Students pursuing a doctorate don’t have to hold a master’s degree. Most doctoral programs accept applications from students coming straight out of college as well as from students who already have a master’s degree. Additionally, many doctoral programs grant their enrollees a master's degree as the students progress in the program, often after they pass their qualifying exams. However, students should consider several factors when deciding whether to earn a master’s degree before continuing on to doctoral study.

Better Preparation

With two years of graduate study under their belt, students who earn master’s degrees before applying to doctoral programs can feel far better prepared for graduate study than they were as undergraduates. Master’s study doesn’t make students experts in their field, but it trains them in the conventions of academic writing specific to the discipline, gives them opportunities to publish articles and exposes them to theoretical and methodological approaches and subfields not covered in college.

Better Chances for Admission

Because students who earn master’s degrees are better prepared for doctoral study than those who only have bachelor’s degrees, some doctoral programs may be more likely to admit them. Their generally stronger writing samples and personal statements, letters of recommendation from graduate faculty and demonstrated dedication to graduate study make them attractive candidates. Many students also retake the Graduate Record Examination while earning their master’s degree, and their additional education can lead to higher scores, especially on the GRE subject tests. To find out whether a specific program prefers master’s degrees for its applicants, students can ask a department administrator what percentage of the incoming doctoral class holds master’s degrees.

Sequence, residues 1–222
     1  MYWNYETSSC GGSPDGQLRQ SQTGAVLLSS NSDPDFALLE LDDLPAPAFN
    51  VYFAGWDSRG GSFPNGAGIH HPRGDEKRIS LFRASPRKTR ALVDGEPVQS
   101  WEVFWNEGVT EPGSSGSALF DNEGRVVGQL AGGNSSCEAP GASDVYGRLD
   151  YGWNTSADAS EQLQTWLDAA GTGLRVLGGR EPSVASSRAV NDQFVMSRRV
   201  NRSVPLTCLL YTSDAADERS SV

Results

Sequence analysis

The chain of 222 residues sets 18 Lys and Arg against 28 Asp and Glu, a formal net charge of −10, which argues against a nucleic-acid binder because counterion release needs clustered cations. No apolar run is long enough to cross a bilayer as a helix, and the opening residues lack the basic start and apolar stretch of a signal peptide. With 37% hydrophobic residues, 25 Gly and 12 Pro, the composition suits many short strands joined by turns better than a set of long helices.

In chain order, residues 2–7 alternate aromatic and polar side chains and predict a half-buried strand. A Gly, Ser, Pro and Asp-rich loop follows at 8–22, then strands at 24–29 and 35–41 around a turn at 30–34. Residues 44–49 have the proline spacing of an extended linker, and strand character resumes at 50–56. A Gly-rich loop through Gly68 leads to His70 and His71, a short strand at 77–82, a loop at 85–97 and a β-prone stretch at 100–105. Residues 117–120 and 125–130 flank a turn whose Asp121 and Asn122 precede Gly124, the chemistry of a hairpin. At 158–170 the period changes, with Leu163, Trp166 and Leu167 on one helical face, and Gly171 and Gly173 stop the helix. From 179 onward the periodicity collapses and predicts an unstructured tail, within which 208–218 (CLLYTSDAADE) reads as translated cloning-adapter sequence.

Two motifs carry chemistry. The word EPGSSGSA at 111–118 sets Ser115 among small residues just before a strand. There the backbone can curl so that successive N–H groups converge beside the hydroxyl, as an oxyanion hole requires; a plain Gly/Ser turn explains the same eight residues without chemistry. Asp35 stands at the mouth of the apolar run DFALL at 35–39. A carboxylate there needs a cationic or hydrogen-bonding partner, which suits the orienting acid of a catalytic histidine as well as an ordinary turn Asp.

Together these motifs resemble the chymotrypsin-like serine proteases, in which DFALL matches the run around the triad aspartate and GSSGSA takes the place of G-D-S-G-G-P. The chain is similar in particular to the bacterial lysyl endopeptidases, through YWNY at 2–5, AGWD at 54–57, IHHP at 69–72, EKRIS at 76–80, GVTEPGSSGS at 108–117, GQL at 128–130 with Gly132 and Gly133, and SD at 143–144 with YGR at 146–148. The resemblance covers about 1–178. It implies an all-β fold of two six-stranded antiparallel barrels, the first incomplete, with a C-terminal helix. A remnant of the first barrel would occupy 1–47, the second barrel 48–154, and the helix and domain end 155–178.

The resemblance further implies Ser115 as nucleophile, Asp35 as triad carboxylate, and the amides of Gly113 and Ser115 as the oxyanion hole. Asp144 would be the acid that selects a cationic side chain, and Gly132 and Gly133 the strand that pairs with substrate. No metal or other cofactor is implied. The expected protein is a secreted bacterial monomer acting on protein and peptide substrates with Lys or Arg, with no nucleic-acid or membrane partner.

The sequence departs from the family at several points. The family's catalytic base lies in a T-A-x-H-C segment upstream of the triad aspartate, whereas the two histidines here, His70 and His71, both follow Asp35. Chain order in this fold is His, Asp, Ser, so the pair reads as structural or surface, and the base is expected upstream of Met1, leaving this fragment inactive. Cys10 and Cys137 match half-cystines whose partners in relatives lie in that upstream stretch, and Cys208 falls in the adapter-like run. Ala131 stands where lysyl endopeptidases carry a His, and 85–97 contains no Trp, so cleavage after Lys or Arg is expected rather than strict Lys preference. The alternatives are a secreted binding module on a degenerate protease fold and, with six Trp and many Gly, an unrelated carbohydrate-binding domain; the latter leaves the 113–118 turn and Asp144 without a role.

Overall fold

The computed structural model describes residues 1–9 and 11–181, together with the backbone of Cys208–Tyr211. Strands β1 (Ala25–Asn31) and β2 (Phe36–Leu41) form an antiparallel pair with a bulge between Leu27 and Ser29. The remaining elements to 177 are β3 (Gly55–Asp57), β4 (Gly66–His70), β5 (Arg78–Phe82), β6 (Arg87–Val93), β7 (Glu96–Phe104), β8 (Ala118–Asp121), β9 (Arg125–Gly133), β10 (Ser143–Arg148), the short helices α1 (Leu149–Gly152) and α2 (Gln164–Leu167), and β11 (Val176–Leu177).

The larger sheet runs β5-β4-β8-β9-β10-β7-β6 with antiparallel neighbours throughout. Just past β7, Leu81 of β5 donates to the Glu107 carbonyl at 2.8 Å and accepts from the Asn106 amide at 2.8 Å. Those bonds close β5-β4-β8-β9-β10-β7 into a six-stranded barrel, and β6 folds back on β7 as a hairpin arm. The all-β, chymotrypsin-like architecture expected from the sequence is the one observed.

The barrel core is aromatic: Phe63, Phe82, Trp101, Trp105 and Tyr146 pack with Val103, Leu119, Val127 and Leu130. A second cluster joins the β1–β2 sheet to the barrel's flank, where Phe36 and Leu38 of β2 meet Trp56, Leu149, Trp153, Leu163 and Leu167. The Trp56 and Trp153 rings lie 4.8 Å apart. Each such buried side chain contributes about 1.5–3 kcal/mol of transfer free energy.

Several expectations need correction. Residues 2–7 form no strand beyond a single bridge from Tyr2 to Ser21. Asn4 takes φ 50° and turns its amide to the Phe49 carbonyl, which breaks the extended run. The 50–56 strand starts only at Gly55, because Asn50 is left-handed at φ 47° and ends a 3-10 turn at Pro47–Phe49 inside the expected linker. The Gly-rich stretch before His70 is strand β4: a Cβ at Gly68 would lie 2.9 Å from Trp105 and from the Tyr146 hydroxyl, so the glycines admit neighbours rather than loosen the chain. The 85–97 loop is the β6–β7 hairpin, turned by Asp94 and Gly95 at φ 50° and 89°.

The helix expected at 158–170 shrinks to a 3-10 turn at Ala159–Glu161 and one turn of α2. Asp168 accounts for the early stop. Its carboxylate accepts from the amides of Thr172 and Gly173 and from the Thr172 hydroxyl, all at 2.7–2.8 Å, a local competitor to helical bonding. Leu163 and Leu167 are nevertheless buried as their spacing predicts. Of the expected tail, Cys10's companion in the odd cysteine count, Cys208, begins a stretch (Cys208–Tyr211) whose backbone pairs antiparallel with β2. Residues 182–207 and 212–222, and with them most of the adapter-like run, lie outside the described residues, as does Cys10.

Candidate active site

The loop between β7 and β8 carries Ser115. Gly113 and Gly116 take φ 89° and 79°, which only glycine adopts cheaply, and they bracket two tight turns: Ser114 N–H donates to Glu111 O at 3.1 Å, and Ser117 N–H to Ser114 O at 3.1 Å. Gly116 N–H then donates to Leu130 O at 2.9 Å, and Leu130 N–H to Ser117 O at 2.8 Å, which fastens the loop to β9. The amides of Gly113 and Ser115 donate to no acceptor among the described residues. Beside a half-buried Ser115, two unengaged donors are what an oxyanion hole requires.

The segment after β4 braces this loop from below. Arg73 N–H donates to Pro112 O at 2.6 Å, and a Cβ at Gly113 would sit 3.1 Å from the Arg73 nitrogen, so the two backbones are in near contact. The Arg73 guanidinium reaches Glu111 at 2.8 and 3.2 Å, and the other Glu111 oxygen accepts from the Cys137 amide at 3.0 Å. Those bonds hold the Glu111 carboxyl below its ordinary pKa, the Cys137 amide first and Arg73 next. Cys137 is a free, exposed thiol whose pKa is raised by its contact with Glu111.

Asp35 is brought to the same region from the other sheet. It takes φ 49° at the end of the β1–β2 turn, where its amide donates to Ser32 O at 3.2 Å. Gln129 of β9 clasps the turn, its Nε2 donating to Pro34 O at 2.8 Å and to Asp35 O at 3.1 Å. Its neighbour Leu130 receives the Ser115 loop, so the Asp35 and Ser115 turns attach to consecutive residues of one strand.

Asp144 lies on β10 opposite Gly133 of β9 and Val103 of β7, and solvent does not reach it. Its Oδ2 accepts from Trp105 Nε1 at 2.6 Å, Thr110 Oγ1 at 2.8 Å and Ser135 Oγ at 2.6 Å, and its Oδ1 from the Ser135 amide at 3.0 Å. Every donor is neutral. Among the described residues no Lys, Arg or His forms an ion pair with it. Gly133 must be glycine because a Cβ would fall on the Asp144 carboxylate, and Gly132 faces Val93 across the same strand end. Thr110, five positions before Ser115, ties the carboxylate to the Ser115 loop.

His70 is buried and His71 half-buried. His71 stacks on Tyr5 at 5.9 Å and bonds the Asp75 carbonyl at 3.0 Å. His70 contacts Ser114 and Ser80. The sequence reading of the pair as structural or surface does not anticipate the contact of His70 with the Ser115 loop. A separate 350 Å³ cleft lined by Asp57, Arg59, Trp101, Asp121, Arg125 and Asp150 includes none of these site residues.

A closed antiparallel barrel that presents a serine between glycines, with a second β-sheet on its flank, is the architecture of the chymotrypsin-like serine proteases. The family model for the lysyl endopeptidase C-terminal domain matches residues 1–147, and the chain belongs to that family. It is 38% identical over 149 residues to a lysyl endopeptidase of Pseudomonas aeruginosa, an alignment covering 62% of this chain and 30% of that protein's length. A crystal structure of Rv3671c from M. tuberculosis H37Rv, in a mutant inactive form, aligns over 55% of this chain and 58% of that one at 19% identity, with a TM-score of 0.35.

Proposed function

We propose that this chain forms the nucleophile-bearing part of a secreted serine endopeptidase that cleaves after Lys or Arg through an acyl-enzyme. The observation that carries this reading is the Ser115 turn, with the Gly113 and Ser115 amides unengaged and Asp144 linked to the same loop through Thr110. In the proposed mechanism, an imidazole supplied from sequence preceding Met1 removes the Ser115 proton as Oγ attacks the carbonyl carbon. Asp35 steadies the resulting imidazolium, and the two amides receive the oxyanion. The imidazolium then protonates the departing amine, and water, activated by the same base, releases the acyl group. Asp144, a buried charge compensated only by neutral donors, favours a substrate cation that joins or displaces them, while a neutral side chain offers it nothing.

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Informed Decision-Making

Master’s programs can help students decide both whether and where they want to pursue doctoral study. While some students thrive on the intensive nature of graduate study, which requires long hours and the ability to self-motivate, others find that they don’t want to spend an additional five years to earn their doctorate. Students can also use the time in a master’s program to gain a clearer sense of whether a doctorate will appreciably increase their earning potential and employment prospects in their field. Finally, students may learn more about which professors are leaders in their chosen subfield, and they can consider applying to study with those faculty members for their doctoral research.

Cost of a Master’s Degree

One important consideration when deciding whether to pursue a master’s degree before a doctorate is the cost of each degree. Doctoral students in the United States are typically funded by their program; they work as research or teaching assistants in return for a small stipend, tuition coverage and, sometimes, health insurance. In contrast, master’s programs rarely fund their students, who usually take out student loans to finance their study. Students who are certain that they want to earn a doctorate may thus benefit financially from applying directly to doctoral programs upon completing their bachelor’s degree.

About the Author

Elissa Hansen has more than nine years of editorial experience, and she specializes in academic editing across disciplines. She teaches university English and professional writing courses, holding a Bachelor of Arts in English and a certificate in technical communication from Cal Poly, a Master of Arts in English from the University of Wyoming, and a doctorate in English from the University of Minnesota.